Windows 95?? What are you, an MCSE stuck in a time warp? :-D

If KDE4 weren't so hopelessly broken, I might agree with you. But unfortunately, it is. And that is why KDE3 has lots of life left in it for several years going forward.

KDE3 is tried and true, it comes with CentOS/RHEL, and it Just Works (TM) without fuss or muss. If KDE4 ever starts actually becoming usable (it hasn't yet), then maybe I'll give it another try. But as of KDE 4.3, it's still far from feature-complete (maybe 4.4 will be better?). KDE 3.5x is much, much better for actual usability by actual users who don't have Computer Science degrees.

--SYG

Author's Comment

Ross Larson's picture

This tip is decidedly old school, I'll give you that.

That being said, Suse Studio allows you to build custom KDE3 distros based on OpenSuse, and I recently put KDE3 in action for an custom internet kiosk build. It's been working well for the task. The great thing about Linux is that you have choice. Heck, I think that there are still people out there using the 2.2 and 2.4 Linux kernels.

Linux rocks!
Personal blog: zootlinux.blogspot.com

Thanks for that tip

Xyzzy's picture

Thank you for mentioning that Suse Studio can do that! I've been contemplating switching away from Ubuntu/GNOME to something more appropriate for my old 1.6GHz notebook, and returning to the environment that I loved as a newbie in '08 is an attractive option. (More attractive than trying to beat my head against LXDE or similar lightweight alternatives again, at least.)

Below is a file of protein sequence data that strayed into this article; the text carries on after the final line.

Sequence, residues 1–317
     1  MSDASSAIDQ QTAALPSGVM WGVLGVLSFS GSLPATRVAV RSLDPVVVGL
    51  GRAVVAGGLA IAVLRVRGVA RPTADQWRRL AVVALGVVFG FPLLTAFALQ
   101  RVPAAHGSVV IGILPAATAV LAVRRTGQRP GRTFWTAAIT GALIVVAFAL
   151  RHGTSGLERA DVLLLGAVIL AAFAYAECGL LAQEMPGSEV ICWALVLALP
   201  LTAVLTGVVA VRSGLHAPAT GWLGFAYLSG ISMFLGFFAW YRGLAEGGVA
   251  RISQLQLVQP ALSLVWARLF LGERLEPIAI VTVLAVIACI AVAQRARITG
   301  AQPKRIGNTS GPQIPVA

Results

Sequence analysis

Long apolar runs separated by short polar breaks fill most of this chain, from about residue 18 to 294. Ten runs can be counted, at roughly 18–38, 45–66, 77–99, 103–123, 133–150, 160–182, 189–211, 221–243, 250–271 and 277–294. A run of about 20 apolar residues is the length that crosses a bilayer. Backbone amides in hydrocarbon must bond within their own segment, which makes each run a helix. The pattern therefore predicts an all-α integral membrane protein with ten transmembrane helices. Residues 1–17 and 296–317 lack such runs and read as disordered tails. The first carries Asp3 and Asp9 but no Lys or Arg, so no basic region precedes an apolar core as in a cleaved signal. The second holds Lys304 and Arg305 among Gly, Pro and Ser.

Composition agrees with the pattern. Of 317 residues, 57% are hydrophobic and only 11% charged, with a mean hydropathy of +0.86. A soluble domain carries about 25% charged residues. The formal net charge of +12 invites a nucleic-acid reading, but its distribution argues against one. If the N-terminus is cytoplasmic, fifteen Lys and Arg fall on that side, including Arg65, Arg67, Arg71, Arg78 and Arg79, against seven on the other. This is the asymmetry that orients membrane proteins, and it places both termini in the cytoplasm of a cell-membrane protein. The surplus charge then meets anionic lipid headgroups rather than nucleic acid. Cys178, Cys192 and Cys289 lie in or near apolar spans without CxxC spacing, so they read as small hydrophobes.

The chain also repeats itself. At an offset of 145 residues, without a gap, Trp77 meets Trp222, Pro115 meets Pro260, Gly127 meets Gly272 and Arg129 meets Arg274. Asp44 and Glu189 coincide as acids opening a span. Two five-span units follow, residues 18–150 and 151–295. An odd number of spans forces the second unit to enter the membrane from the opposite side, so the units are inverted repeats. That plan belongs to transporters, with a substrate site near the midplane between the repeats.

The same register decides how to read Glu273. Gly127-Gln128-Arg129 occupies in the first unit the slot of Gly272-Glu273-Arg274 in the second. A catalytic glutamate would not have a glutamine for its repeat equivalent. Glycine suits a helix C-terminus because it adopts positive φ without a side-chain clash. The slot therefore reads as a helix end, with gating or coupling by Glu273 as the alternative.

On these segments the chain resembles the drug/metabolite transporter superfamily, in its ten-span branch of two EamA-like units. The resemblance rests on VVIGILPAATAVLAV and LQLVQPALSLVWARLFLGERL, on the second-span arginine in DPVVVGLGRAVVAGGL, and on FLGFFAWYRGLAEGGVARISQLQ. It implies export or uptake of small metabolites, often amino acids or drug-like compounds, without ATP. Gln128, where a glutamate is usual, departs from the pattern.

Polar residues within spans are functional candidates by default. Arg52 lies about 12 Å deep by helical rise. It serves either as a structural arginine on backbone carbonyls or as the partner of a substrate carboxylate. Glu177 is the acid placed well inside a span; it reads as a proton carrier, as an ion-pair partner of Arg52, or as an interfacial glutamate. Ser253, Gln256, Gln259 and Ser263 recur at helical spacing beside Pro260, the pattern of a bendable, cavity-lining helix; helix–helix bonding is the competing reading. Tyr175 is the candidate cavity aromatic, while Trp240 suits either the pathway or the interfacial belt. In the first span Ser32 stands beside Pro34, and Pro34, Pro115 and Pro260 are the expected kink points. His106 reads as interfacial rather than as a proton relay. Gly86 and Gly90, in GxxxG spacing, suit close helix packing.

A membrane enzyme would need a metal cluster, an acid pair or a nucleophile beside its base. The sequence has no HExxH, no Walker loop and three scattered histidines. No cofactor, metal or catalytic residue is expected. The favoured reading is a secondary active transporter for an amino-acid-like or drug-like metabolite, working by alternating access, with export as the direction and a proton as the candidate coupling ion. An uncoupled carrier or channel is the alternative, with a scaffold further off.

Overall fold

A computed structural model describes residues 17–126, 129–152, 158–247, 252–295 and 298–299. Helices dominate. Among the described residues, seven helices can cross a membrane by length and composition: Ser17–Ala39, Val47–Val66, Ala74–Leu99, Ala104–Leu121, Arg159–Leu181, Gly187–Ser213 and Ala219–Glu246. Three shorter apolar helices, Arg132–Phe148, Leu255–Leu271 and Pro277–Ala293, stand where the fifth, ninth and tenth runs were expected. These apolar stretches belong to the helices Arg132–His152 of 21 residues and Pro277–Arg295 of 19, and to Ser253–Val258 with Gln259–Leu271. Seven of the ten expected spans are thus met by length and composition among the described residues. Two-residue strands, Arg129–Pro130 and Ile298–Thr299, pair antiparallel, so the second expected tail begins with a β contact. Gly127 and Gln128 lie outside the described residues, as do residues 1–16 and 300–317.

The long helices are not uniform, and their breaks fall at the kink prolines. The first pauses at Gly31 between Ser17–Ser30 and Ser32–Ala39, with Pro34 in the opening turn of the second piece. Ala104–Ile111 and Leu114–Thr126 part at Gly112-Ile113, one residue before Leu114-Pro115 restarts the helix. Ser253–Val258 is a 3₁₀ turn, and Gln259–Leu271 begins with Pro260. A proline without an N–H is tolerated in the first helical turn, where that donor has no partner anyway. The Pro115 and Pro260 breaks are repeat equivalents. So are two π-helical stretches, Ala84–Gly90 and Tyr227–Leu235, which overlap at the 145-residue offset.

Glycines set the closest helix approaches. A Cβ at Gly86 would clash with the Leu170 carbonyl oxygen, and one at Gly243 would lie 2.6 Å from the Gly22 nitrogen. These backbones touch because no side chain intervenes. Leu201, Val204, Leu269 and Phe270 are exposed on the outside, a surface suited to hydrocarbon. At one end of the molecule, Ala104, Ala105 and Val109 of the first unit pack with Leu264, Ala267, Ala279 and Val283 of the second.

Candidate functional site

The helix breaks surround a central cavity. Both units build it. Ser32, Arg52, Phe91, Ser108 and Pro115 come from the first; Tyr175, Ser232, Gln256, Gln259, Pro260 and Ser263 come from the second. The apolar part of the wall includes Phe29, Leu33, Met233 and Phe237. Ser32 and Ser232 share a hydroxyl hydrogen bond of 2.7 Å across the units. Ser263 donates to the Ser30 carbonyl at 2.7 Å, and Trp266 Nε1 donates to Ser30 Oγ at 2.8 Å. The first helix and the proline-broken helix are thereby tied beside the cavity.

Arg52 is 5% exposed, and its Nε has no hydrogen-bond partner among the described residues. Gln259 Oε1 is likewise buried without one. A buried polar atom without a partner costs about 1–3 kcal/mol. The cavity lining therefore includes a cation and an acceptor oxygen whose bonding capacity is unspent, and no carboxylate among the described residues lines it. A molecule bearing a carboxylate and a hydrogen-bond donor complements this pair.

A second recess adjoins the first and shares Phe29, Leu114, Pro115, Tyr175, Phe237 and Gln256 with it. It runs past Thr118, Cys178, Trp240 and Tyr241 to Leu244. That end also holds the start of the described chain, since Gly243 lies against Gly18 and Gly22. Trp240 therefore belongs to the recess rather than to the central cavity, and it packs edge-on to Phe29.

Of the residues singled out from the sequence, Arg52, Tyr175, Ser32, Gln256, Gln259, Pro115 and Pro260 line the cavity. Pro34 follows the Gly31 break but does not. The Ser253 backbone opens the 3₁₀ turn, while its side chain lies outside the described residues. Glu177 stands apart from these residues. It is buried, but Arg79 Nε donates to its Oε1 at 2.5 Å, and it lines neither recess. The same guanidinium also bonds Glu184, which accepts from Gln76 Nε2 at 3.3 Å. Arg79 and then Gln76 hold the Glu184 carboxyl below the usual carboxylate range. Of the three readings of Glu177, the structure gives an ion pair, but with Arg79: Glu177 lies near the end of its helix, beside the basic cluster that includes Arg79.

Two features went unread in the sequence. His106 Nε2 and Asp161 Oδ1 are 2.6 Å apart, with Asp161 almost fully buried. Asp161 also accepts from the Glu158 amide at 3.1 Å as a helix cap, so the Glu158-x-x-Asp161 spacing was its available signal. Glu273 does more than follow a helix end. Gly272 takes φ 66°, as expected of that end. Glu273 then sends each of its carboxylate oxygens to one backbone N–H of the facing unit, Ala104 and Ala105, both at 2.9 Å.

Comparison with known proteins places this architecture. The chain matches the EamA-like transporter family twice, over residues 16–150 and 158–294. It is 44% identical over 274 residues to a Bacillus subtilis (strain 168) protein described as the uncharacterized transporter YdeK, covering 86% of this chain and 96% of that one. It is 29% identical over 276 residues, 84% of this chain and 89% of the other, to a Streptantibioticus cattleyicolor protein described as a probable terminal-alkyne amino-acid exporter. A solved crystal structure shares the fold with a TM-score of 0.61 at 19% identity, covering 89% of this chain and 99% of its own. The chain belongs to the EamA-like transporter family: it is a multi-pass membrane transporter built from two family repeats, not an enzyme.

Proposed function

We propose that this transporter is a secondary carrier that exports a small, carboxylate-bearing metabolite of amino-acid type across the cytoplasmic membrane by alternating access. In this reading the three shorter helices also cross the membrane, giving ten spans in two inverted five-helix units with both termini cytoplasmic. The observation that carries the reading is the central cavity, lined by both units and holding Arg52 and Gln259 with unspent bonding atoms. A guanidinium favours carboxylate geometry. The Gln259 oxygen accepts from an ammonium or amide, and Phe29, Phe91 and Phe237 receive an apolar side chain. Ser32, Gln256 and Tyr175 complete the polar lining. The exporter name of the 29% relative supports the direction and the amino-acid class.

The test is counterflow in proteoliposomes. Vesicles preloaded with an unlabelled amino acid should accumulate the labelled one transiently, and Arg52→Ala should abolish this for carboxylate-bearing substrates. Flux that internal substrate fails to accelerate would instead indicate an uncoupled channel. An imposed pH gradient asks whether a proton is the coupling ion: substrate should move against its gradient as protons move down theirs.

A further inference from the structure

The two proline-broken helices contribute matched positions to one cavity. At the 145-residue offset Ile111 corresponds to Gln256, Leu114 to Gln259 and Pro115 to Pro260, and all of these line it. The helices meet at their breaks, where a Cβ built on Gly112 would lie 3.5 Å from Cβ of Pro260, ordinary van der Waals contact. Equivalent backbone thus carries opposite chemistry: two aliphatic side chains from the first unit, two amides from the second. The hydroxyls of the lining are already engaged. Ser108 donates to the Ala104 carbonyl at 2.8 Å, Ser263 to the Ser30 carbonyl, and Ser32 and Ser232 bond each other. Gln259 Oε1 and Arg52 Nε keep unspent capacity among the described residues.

How about movies in the bkground

Fast penguin's picture

This is pretty kool.

Well, maybe not movies, but.....

Ross Larson's picture

In the "advanced options" portion of the desktop settings window, you can choose to run a program as a background, but the refresh rate is listed in minutes(Default:one refresh every ten minutes), not multiple times per second, as videos typically run at 20-40 frames per second.

Linux rocks!
Personal blog: zootlinux.blogspot.com

White Paper
Linux Management with Red Hat Satellite: Measuring Business Impact and ROI

Linux has become a key foundation for supporting today's rapidly growing IT environments. Linux is being used to deploy business applications and databases, trading on its reputation as a low-cost operating environment. For many IT organizations, Linux is a mainstay for deploying Web servers and has evolved from handling basic file, print, and utility workloads to running mission-critical applications and databases, physically, virtually, and in the cloud. As Linux grows in importance in terms of value to the business, managing Linux environments to high standards of service quality — availability, security, and performance — becomes an essential requirement for business success.

Learn More

Sponsored by Red Hat

White Paper
Private PaaS for the Agile Enterprise

If you already use virtualized infrastructure, you are well on your way to leveraging the power of the cloud. Virtualization offers the promise of limitless resources, but how do you manage that scalability when your DevOps team doesn’t scale? In today’s hypercompetitive markets, fast results can make a difference between leading the pack vs. obsolescence. Organizations need more benefits from cloud computing than just raw resources. They need agility, flexibility, convenience, ROI, and control.

Stackato private Platform-as-a-Service technology from ActiveState extends your private cloud infrastructure by creating a private PaaS to provide on-demand availability, flexibility, control, and ultimately, faster time-to-market for your enterprise.

Learn More

Sponsored by ActiveState